NASA has released the first picture of Jupiter taken since the Juno spacecraft went into orbit around the planet on July 4.

The picture was taken on July 10. Juno was 2.7 million miles from Jupiter at the time. The color image shows some of the atmospheric features of the planet, including the giant red spot. You can also see three of Jupiter's moons in the picture: Io, Europa and Ganymede.

The Senate is set to approve a bill intended to change the way police and health care workers treat people struggling with opioid addictions.

My husband and I once took great pleasure in preparing meals from scratch. We made pizza dough and sauce. We baked bread. We churned ice cream.

Then we became parents.

Now there are some weeks when pre-chopped veggies and a rotisserie chicken are the only things between us and five nights of Chipotle.

Parents are busy. For some of us, figuring out how to get dinner on the table is a daily struggle. So I reached out to food experts, parents and nutritionists for help. Here is some of their (and my) best advice for making weeknight meals happen.

"O Canada," the national anthem of our neighbors up north, comes in two official versions — English and French. They share a melody, but differ in meaning.

Let the record show: neither version of those lyrics contains the phrase "all lives matter."

But at the 2016 All-Star Game, the song got an unexpected edit.

At Petco Park in San Diego, one member of the Canadian singing group The Tenors — by himself, according to the other members of the group — revised the anthem.

School's out, and a lot of parents are getting through the long summer days with extra helpings of digital devices.

How should we feel about that?

Police in Baton Rouge say they have arrested three people who stole guns with the goal of killing police officers. They are still looking for a fourth suspect in the alleged plot, NPR's Greg Allen reports.

"Police say the thefts were at a Baton Rouge pawn shop early Saturday morning," Greg says. "One person was arrested at the scene. Since then, two others have been arrested and six of the eight stolen handguns have been recovered. Police are still looking for one other man."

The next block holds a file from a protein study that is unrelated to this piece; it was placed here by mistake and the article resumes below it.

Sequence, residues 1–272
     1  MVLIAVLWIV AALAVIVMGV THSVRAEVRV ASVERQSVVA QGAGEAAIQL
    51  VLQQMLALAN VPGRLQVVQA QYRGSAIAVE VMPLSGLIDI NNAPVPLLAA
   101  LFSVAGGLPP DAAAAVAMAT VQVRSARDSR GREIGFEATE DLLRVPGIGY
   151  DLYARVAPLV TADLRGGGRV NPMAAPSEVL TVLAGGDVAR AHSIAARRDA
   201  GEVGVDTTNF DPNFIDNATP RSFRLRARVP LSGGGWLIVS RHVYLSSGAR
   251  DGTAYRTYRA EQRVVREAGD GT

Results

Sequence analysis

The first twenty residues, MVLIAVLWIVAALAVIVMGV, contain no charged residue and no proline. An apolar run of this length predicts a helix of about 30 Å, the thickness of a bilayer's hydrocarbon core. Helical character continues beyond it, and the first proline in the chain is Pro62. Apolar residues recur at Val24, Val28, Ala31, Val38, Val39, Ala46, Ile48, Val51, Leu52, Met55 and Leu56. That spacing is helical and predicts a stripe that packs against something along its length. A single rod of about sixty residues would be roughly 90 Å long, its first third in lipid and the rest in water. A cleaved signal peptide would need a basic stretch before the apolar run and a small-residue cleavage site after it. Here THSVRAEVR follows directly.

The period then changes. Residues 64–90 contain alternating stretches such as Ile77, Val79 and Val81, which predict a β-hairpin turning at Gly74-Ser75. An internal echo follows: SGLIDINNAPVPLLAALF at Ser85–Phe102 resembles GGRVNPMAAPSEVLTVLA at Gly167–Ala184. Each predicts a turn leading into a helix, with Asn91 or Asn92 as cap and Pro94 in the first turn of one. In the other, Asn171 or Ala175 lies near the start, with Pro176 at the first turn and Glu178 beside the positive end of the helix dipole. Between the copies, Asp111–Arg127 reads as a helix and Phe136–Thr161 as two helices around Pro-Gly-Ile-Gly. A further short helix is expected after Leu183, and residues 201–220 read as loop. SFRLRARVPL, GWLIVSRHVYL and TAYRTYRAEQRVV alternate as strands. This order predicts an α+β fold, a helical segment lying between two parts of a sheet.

A 13-year-old boy is among those arrested, Greg says.

Copyright 2016 NPR. To see more, visit

After an international tribunal invalidated Beijing's claims to the South China Sea, Chinese authorities have declared in no uncertain terms that they will be ignoring the ruling.

The Philippines brought the case to the Permanent Court of Arbitration in The Hague, objecting to China's claims to maritime rights in the disputed waters. The tribunal agreed that China had no legal authority to claim the waters and was infringing on the sovereign rights of the Philippines.

Donald Trump is firing back at Supreme Court Justice Ruth Bader Ginsburg after she disparaged him in several media interviews. He tweeted late Tuesday that she "has embarrassed all" with her "very dumb political statements" about the candidate. Trump ended his tweet with "Her mind is shot - resign!":

Donald Trump wrapped up his public tryout of potential vice presidential candidates in Indiana Tuesday night with Gov. Mike Pence giving the final audition.

The Indiana governor's stock as Trump's possible running mate is believed to be on the rise, with New Jersey Gov. Chris Christie and former House Speaker Newt Gingrich also atop the list. Sources tell NPR the presumptive GOP presidential nominee is close to making a decision, which he's widely expected to announce by Friday.


'The Lies Are Over': A Journalist Unravels

Jul 31, 2012

"The lies are over now." That's an attributable quote from writer Jonah Lehrer, who resigned Monday from his job as a staff writer for The New Yorker, one of the most prestigious jobs in journalism. The past few months have been a series of revelations about Lehrer's tendencies to reuse his own material and make up quotes.